Beautifully preserved 1930s architecture is Napier’s special point of difference.
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A national disaster resulted in Napier becoming one of the purest Art Deco cities in the world. On the morning of February 3rd 1931 a massive earthquake – 7.9 on the Richter scale – rocked Hawke’s Bay for more than three minutes. Nearly 260 lives were lost and the vast majority of buildings in the commercial centre of Napier were destroyed, either by the quake itself or the fires that followed.
Rebuilding began almost immediately, and much of it was completed in two years. New buildings reflected the architectural styles of the times – Stripped Classical, Spanish Mission and Art Deco. Local architect Louis Hay, an admirer of the great Frank Lloyd Wright, had his chance to shine. Maori motifs were employed to give the city a unique New Zealand character – for example, the ASB bank on the corner of Hastings and Emerson Streets features Maori koru and zigzags.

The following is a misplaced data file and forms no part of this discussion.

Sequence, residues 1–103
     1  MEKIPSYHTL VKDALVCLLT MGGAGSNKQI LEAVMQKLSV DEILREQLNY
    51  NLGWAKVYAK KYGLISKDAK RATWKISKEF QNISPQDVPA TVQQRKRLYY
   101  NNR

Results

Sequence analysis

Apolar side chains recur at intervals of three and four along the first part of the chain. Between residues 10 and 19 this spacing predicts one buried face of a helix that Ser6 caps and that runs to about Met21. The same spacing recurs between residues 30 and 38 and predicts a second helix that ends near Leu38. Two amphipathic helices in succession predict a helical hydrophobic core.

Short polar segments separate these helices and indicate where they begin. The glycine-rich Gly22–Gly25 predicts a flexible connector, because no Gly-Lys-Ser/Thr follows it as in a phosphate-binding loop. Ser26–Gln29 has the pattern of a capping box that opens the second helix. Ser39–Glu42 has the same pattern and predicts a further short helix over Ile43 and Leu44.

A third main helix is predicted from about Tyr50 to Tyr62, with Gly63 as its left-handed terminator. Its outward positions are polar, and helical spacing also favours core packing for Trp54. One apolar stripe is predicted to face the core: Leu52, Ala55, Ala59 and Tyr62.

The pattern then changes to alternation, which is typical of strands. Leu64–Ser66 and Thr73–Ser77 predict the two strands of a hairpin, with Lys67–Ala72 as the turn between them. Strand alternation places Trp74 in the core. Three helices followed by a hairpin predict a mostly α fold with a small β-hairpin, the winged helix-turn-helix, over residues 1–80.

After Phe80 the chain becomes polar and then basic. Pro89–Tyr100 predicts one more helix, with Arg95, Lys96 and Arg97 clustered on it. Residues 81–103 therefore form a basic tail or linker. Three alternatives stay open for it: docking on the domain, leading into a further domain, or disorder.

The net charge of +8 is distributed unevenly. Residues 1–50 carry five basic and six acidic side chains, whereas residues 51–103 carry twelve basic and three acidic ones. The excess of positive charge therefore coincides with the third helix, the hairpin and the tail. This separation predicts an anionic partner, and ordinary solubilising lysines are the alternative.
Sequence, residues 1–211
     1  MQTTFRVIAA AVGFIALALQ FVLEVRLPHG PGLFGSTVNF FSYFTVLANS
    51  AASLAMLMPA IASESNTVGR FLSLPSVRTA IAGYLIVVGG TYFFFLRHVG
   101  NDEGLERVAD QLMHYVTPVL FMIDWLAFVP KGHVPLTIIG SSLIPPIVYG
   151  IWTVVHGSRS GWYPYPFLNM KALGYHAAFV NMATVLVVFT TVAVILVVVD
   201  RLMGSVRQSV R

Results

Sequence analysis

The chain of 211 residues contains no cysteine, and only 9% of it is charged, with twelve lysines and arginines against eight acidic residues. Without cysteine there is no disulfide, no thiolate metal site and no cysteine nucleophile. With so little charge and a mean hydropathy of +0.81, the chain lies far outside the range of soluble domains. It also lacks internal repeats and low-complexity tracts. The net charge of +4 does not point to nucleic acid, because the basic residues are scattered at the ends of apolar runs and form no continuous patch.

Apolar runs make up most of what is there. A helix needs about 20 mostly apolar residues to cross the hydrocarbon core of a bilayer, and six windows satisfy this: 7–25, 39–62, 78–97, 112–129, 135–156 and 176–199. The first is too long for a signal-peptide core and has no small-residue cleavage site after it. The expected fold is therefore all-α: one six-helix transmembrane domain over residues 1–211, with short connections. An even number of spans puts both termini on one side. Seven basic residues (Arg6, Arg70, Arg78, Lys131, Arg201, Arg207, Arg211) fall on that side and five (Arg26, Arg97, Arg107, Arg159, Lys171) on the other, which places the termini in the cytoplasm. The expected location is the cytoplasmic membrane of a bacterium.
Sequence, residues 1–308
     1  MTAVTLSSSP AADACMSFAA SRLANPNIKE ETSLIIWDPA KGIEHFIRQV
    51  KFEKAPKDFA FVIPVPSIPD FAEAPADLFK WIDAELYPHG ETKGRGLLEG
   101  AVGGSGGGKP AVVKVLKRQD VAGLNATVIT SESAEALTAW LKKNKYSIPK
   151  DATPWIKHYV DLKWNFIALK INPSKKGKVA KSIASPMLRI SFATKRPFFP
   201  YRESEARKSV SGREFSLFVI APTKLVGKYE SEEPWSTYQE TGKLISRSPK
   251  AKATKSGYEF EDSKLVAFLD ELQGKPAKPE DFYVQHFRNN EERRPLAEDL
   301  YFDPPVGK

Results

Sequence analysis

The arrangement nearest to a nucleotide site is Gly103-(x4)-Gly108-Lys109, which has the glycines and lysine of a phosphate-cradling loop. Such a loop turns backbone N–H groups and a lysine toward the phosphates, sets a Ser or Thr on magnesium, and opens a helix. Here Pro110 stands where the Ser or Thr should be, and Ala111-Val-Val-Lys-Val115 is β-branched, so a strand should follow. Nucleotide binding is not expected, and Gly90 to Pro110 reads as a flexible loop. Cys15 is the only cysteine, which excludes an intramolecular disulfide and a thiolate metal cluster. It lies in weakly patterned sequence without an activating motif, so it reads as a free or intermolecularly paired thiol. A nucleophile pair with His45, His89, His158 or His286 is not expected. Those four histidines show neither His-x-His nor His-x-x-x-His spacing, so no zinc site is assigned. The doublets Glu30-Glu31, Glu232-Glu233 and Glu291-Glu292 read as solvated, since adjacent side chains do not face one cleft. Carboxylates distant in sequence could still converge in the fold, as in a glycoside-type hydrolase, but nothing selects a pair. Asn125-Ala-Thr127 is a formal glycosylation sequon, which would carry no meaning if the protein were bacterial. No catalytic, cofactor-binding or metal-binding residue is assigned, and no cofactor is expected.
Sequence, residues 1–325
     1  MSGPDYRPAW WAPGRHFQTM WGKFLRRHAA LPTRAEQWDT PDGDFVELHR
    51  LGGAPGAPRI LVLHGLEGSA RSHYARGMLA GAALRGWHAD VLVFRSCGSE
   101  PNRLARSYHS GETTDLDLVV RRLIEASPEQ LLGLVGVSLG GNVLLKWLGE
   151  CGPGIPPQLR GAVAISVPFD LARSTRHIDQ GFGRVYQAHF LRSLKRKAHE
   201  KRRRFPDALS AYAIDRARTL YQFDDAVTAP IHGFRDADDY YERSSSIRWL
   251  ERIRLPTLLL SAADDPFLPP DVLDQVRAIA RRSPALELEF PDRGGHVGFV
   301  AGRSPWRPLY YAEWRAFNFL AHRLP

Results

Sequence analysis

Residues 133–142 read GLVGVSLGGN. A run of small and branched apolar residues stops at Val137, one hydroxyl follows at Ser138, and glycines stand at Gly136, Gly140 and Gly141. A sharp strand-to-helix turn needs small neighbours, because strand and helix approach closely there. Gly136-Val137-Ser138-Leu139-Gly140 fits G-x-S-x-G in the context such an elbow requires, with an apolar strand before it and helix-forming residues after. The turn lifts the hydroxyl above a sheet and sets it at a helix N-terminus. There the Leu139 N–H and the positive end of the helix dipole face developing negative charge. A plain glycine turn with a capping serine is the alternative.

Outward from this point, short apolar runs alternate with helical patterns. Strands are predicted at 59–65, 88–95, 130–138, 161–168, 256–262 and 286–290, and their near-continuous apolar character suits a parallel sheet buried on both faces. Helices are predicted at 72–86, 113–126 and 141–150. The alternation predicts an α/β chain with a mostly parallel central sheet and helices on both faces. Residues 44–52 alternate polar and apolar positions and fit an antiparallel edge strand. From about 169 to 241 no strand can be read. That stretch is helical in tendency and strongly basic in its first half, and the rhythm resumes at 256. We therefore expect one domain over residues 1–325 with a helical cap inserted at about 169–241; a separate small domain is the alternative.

Napier’s city centre has the feeling of a time capsule – the seamless line of 1930s architecture is quite extraordinary. One of the ways to enjoy the streetscape is on a self-guided walk – ask for a map at the information centre or at the Art Deco Trust. Guided walks around the city are also available every day rain or shine (except Christmas Day!). Every February, Napier celebrates it’s heritage with the Art Deco weekend – a stylish celebration of all things 1930’s, including vintage cars, fashion and music.
Napier’s other special attractions include the gannet colony at Cape Kidnappers and the many vineyards that make good use of the region’s alluvial soils. Pinot Gris and Syrah are the region’s signature drops. On Saturday mornings, the Napier farmers’ market is a chance to shop for artisan foods and fresh produce.